Making Excuses for War

Russia’s military incursion into Ukraine has lasted nearly two months now. But the focus of the fighting has recently shifted. 

Missing the Russian part. Nizza-Millefonti, Torino.

The Russians no longer seem intent on the capture of Kyiv and other cities in the north of the country. Rather, they have shifted to a concentration on the Donetsk Basin. 

There are some fairly obvious reasons why they should be interested in this particular part of the country. It’s proximate to the Russian border, thus simplifying supply chain and other logistical problems. 

The eastern provinces of Ukraine contain most of the country’s heavy industry. They are also home to a large proportion of Ukraine’s ethnic Russian population (and the Russian backed breakaway regions of Luhansk and Donetsk), on whose behalf the invasion was notionally undertaken.

In the course of the foray, there have been extensive discussions in Europe, North America, and elsewhere about who is at fault for a war that seems on the verge of spiralling out of control. The most common answer on offer is Vladimir Putin. This has a great deal of prima facie plausibility.

Putin has run Russia as an oligarchical kleptocracy for the better part of two decades. On numerous occasions, he’s expressed the view that the collapse of the Soviet Union, which he served as an officer in the KGB from 1975 to 1991, was a catastrophic blow to Russia’s position in the world order. 

The Russian leader has repeatedly asserted his belief that Ukraine doesn’t have a legitimate national existence separate from Russia. And he has shown a willingness to employ the full spectrum of resources to augment Russian power internationally, from propaganda to cyberwarfare, to conventional military power.

Others have sought to place the blame on NATO, with the underlying premise, sometimes explicit, sometimes not, that the United States has actually been the prime mover. 

The latter proposition has a certain inherent plausibility. The readiness to invade foreign countries and reconfigure governments to suit American interests has been a recurrent feature of US foreign policy for more than a century. From Cuba to Afghanistan, everyone knows the history.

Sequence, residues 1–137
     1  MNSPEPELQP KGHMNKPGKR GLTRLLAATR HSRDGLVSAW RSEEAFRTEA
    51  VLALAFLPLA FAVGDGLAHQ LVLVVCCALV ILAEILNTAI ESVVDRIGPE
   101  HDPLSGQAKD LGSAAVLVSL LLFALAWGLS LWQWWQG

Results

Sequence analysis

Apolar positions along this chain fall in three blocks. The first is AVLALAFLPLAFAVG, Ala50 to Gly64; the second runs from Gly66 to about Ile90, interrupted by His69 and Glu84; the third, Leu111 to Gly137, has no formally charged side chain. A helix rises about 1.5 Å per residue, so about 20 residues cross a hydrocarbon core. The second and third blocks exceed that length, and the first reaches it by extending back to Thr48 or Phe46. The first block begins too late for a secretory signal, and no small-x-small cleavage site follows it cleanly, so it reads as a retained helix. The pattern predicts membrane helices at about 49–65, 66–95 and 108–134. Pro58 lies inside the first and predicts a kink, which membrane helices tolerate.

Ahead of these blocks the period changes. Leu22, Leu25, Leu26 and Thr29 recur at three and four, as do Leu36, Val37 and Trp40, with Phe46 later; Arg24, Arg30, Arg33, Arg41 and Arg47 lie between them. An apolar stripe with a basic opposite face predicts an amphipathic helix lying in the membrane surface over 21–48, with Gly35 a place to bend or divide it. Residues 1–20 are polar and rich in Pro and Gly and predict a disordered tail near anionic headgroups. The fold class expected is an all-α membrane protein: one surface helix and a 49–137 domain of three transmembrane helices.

But making that work to explain Russia’s invasion of Ukraine requires an enormous amount of mental labour, which, at the very least demands we ignore their shared history as neighbours and Russia’s violent repression of the country when it was part of the USSR, and before that, the Russian Empire.

It’s an indication of exactly how ridiculous things have become that Moscow has spent a lot of the lead up to the war retailing the myth that Ukraine, a country led by a Jew and a descendent of Holocaust victims was the leading edge of European neo-Nazism. 

It is also indicative that the role of far-right ideologies in Vladimir Putin’s worldview, such as Alexander Dugin’s “fourth political theory” seem to pass entirely unmentioned by those ready to insist that the government of Ukraine is a front for the far-right Azov Battalion.

The views of the University of Chicago international relations theorist John Mearsheimer have come to be an especially significant touchstone for Americans looking for support for some form of US culpability. 

In this edition of Left To Burn, John Foster contends that all of this builds towards a culture of excuses, giving a free pass to Russia for what it owns responsibility for in Ukraine. Sure, none of this has happened in a vacuum. But it was Moscow that invaded, not Belarus or Belgium, and we can’t overlook that.

Photograph courtesy of Joel Schalit. All rights reserved.